Using A Frequency Shifter to control Feedback

cutlunch

Active Member
Joined
Jan 12, 2005
Location
Auckland, New Zealand
Hi
I was wondering if anyone is using a frequencey shifter to control feedback in live audio situations. If so, do they work well with music or do they only work well with speech.

For those of you who do not know what I am talking about just a quick explanation:

Frequencey Shifters do exactly what the name says. The audio output from the mixing desk is shifted up or down by a few hertz eg 0.5 - 5hz. What this means is that the frequencies put out through the FOH speakers is slightly different then the input. This means you can't get into a feedback loop as the input and output signals don't add to each other.

Thanks
 

jumpjet

Active Member
Joined
Jun 2, 2005
Location
Chicago Suburbs
This sounds like an interesting concept.

However, instead of feedback, wouldn't you get an increasing pitch runaway?

For example. input pitch is around 1000 hz.
output is 1005
but then the aforementioned mics pick that up, and increase it to 1010, then to 1015, etc etc... Would it just slowly roll up the frequency? I wonder if it will only go up a few hz, then down a few hz, to level it off?
 

AVGuyAndy

Active Member
Joined
May 1, 2005
I'll be sticking with my graphs. This just seems messy. After you do this enough, the tune of the music will be off, or the person talking will sound different.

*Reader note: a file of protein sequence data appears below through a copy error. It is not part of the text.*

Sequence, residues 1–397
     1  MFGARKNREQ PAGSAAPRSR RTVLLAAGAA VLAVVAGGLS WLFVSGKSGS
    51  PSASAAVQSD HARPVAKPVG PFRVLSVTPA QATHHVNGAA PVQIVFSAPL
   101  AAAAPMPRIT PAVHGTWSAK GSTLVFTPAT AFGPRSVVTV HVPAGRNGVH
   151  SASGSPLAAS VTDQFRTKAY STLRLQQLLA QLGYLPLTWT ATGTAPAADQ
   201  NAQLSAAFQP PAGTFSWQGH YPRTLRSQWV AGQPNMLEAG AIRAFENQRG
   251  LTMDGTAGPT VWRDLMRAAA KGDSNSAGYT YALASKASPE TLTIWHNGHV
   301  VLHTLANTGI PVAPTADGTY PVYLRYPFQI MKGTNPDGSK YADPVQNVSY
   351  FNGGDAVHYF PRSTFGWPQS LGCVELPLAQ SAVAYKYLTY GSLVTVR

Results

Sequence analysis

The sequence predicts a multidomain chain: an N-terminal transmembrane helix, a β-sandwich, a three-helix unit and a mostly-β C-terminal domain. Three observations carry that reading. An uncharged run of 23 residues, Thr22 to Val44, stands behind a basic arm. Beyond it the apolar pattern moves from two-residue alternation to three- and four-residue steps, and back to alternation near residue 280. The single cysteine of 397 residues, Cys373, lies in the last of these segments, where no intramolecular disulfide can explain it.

soundman1024

Active Member
Joined
Oct 15, 2004
Location
Denver
I would imagine it would roll up jump jet suggested. If the feedback were happening at the resonant frequency for the room, or one of its harmonics it might actually help it, however if it moved the feedback into the resonant frequency or a harmonic watch out because it could get louder that way. It is an interesting theory though. In order to make it sound correct should it be 5Hz over the entire spectrum, or should it be weighted to the octaves? An example of that would be a 2Hz difference between 20 and 40Hz, then a 4 Hz difference between 40 and 80Hz? I have never heard of frequency shifting the whole spectrum, the only frequency shifting I have heard of is phasers, flangers, and chorus.
 
Joined
Apr 25, 2004
Location
Kelowna, BC. Canada
Then don't forget monitor vs house in that intance as well. Can't use it on mons, then the artists would have a hell of a time staying in tune. But if used at FOH and not mon. world there would be some horrible tones resonating around the room.
 

Peter

Well-Known Member
Joined
Oct 2, 2004
Location
MA, USA
I cant really really see any benift of using a frequency shifter over a good EQing job. At my college we always EQ stuff basicly to the point that we can wave the mic infront of the speaker without feedback. We narrow the frequency down enough that it's not that noticeable in the end that we are missing the frequencies we cut out. Does anyone have a real idea of a benifit of the frequency shift technique?
 

soundman1024

Active Member
Joined
Oct 15, 2004
Location
Denver
Well, frequency holes wouldn't be there from EQing it out. Play a 20Hz to 20kHz sweep in that room and it would have some dead spots most likely. Play the same sweep with a phase-shifted setup and the result would not be the same frequencys, but more consistent. I would say EQing is a better method though.